Previously, Tyger had competed at the RMN Freak Show and Rumble in Reno.
“I love RMN’s cool atmosphere: it makes me feel welcome,” he said. “Smoke and lights hype me up, so I am ready to go.”
Coach and dad Andy relates: “RMN has the best energy out of all the tournaments we attend. Their marketing is unparalleled; they offer such different types of events and the best of venues.
“Kids feel like they want to be part of it all,” continues Andy, “especially when the finals are featured on an elevated stage. With all who come here, it was unbelievable to see Tyger progress to the finals.”
In the finals, Tyger faced tough Jason Ramirez of Arizona. “Traveling to a different time zone, across the ocean, you have work extra hard to come out on top in enemy territory,” Tyger declares. “Like life, if you stop working, everything goes south.”
Still, dad was confident, having watched Tyger pull out many close matches, including an early-round takedown win in overtime. “Tyger likes to shoot single-legs and the high crotch to get the clinch on his opponents.”
“In the finals, Ramirez caught me with a cut through,” retells the Islander. “Using technique to counter his attack, we went back and forth scoring takedowns and escapes.
“I work on getting the feel of their body and to see how they respond to pressure. Finally, I countered his shot in a way that also earned me back points. Back in Hawaii, I didn’t have exciting matches like this!” exclaims Taam.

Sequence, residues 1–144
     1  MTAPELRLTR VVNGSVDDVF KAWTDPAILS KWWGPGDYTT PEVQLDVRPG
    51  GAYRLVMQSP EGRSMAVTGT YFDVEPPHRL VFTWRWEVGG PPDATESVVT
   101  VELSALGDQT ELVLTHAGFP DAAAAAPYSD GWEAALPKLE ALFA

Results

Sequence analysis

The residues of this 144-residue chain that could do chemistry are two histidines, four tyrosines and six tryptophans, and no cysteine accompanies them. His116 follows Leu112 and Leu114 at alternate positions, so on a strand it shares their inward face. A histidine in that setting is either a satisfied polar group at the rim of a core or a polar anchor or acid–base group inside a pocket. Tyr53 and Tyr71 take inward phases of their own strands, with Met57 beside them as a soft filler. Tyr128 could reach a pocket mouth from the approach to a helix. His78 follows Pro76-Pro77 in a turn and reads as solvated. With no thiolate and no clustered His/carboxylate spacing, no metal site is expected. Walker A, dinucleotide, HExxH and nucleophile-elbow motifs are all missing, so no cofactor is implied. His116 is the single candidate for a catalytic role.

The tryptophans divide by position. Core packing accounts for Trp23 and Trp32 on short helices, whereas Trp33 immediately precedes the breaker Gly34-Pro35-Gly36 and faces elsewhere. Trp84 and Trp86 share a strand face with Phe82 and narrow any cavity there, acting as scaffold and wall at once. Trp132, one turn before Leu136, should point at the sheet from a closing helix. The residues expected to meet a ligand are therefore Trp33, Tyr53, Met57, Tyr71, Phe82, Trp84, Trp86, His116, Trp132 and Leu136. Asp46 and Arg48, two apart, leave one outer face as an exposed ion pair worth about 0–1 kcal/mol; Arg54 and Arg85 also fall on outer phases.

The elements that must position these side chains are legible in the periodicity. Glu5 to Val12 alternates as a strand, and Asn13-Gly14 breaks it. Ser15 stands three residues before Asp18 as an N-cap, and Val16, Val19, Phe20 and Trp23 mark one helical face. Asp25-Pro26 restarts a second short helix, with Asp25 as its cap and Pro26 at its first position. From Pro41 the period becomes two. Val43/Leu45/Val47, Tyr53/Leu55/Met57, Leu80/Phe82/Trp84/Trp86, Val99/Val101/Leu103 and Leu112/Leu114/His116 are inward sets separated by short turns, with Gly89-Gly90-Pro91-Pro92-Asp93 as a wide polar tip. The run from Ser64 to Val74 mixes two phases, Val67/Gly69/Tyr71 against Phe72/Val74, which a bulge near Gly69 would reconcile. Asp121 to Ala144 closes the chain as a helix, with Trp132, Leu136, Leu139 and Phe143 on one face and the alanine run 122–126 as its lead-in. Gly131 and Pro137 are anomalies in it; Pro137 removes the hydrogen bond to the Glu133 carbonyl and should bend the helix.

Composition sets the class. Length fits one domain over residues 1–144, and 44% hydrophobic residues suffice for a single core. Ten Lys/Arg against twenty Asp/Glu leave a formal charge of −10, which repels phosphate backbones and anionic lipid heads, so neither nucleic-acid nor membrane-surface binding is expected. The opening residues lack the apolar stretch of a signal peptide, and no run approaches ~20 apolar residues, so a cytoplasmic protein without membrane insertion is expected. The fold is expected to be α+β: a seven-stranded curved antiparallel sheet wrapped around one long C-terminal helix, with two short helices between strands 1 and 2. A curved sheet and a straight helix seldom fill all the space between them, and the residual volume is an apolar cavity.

“Wrestling really builds mental health,” proclaims the two-time RMN national champ. “Doing something hard prepares you for life and makes it easier to handle. It has helped me achieve a 3.8 GPA.”
“Wrestling is the best sport for transitioning into real life,” echoes Andy. “It teaches you respect, humility, goal setting, and the experience of traveling on your own.”
“In Hawaiian culture, we show each other the Aloha spirit! We welcome you warmly into our open hearts,” details Andy. “We show the ultimate respect to Islanders and visitors alike.
“Hawaiians are a unique melting pot from every race, language, culture, and cuisine. Even in difficult times, they are people who really love and care about each other.”
A team leader as a ninth grader, Honolulu’s Moanalua High wrestlers look up to Tyger, including six male and female 2022 state high school champions.
“Looking back, I think of all the coaches, family, and teammates have been really good to me.
“Club coach Kamuela Woode has been there throughout my career, helping me improve every time I am on the mat. My high school coach, Lucas Misaki, helped me be prepared for the post-season.”
Named for Africa’s legendary silverback gorilla, known to have the strength of 20 humans, Taam’s home club, the Goldenbacks, derives its name from this 400-pound beast and the gold of champions.
The island now has a new beast of the beasts with the name of a legend, one who springs upon his prey with leonine canniness.
Already a seasoned competitor, Tyger Taam is constantly training, never relinquishing the journey, not content with island dominance but seeking to establish his mainland destiny.